Mid and long-term
Diversification of materials

Glass/glass and glass/backsheet


Acrylic, polymers, etc.

Diversification of shapes for:

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Better integration to specific requirements and applications


Additional functionalities
Cheaper installation

Examples in new buildings :


Faades

BUILDING :
FAADES
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solarte@free.fr
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solarte@free.fr
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solarte@free.fr

solarte@free.fr
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www.2es.fr
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Examples of specifically designed BIPV products:


See-through modules
With cSi cells

Tsukuba building, view from inside

From outside
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Examples of specifically designed BIPV products:


See-through modules
With cSi cells

www.batisolar.fr
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Examples of specifically designed BIPV products:


See-through modules
Cell spacing adapted to
lighting, heating and
cooling requirements

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www.terrecielenergies.com

With thin film technologies

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Examples of specifically designed BIPV products


Various shapes :
Luxol tiles

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Examples of specifically designed BIPV products


Sunstyle PV tiles and dummies

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Benchmarking of complete PV roofs at CEA-INES


Avancis

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Photowatt

Luxol

VARIOUS
LOOKS
Solar Century

Aesthetic differences are more or less visible according to the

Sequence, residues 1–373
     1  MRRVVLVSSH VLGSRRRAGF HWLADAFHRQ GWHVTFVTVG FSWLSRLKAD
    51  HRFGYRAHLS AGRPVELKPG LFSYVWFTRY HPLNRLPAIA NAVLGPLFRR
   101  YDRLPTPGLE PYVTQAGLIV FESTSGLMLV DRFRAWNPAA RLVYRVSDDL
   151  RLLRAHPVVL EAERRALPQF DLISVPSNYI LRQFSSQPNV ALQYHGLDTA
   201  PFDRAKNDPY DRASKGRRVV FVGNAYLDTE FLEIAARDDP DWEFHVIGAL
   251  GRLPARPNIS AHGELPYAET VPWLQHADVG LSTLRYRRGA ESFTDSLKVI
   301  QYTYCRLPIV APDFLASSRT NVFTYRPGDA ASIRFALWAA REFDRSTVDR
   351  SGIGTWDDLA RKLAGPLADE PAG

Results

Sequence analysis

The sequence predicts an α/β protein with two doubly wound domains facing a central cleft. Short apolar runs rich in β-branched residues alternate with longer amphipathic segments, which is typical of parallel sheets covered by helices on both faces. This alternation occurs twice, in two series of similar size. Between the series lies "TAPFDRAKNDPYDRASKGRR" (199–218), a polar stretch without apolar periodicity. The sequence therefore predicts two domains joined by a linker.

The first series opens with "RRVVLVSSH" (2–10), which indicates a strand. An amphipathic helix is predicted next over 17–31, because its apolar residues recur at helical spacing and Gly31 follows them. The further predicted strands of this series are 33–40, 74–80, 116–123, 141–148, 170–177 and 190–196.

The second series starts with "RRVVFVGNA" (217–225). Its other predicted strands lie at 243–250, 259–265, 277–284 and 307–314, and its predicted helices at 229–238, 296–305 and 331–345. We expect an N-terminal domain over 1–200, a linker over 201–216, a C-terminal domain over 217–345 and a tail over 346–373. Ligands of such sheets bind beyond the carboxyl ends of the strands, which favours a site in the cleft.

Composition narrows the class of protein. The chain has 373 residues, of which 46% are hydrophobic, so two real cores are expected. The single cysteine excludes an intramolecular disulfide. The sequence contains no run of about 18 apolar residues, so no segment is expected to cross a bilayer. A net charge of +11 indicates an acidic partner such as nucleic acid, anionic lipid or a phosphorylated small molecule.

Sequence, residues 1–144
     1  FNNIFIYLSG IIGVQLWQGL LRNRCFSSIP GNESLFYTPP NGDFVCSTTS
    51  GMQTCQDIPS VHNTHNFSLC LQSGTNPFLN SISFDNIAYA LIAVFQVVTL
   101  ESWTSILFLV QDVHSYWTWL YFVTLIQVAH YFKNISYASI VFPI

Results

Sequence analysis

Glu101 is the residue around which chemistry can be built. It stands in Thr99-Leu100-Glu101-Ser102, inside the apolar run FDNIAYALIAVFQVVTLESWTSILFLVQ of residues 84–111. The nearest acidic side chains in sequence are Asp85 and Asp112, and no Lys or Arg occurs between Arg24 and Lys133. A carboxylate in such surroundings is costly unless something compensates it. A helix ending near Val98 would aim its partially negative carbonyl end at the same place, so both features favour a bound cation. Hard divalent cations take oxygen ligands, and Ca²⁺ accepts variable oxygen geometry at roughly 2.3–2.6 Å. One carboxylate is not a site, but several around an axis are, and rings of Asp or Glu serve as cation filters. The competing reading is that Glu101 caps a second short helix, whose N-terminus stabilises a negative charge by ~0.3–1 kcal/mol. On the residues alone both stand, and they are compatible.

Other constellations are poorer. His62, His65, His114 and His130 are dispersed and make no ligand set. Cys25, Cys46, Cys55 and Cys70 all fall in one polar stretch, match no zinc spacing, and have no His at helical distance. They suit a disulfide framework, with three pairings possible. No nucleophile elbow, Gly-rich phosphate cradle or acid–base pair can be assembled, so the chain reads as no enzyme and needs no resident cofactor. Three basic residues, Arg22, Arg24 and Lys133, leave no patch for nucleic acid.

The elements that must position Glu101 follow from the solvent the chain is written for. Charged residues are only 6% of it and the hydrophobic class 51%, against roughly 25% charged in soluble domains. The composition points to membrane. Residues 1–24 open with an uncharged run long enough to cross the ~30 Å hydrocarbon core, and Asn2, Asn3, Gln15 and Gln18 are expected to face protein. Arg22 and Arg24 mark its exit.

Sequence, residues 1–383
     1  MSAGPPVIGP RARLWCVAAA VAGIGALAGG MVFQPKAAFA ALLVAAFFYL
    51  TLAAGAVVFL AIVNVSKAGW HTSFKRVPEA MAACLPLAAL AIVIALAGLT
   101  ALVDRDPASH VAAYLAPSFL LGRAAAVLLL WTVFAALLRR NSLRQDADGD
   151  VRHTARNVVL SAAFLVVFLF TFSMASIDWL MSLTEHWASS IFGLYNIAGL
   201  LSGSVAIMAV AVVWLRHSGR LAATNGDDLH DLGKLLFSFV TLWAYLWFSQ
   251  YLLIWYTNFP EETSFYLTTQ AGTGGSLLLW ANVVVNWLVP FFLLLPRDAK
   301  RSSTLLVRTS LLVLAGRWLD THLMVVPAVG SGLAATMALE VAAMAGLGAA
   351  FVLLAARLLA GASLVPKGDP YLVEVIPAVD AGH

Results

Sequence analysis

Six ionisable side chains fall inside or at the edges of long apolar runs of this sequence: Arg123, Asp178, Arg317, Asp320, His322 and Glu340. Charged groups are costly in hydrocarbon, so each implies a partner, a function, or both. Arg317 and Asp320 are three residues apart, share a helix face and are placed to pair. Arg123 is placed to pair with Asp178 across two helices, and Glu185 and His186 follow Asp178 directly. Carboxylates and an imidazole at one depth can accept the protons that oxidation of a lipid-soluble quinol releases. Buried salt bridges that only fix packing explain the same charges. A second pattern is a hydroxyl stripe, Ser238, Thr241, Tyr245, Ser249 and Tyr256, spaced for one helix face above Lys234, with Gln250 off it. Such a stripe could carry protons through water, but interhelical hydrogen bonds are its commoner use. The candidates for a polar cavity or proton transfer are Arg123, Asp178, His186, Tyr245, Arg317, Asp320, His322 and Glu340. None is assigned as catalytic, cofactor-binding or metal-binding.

incidence angle

Avancis

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Luxol

Photowatt

Solar Century

Integration with flexible membranes

FLEXIBILITY
www.terrecielenergies.com
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Bifaciality for :

Flat roofs
Railings, fences, balconies,etc.

BIFACIALITY
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Solar protection applications

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SHADING
COMPONENT
S, CARPARK

Transportation applications

The parking area of one car (15m)


supplies enough electricity to drive
> 12000 km a year

Development of specific products


Various materials: PV cells directly laminated on
concrete structures (slabs, balconies) :

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with specific shapes


with specific encapsulants

PREFABRICATED COMPONENTS
ddd

Design of an industrialized Active


Roof all in one :
-Waterproofness
-Thermal Insulation
-Air pre-heating and ventilation
-Hot water production
-Photovoltaic power production
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Bifacial cells in a double layer faade


Optimisation of several
parameters :

cell spacing
Distance between the two layers
Coatings of the second layer

Rails

Paroi isolante

Module bifacial

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BIFACIALITY
FOR FAADE
Distance variable APPLICATION
(10 80 cm)
Surface modulable
(Etat de surface)

ROADS, ACCESS LANES

Various shapes with specific requirements


Sidewalks, parking lots, streets, roads :
www.solarroads.com
Various criteria :

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Heavy loads (trucks, stones, bricks, etc.)


Roughness to provide high traction
Translucent coating : >90%
Weatherproof wiring and connections
Electrical design of a linear power plant

LAKES, CHANNELS

Various shapes with specific requirements


No land usage, no impact on water usage and quality
Development of non-metallic structures
Possibility of cooling the PV modules

1MW/km

www.ciel-et-terre.net

LAKES AND
CANALS
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CONCLUSIONS

The main trends to further advance on the PV module


learning curve for the next two decades are there:
Less material, less consumables
Cheaper materials
Higher efficiencies
Cheaper high-throughput processes
Regarding the system learning curve :
Higher efficiencies of all components
Strongly decreasing installation costs due to smart
integration in products and other systems (while
increasing local content)

Thank you for your attention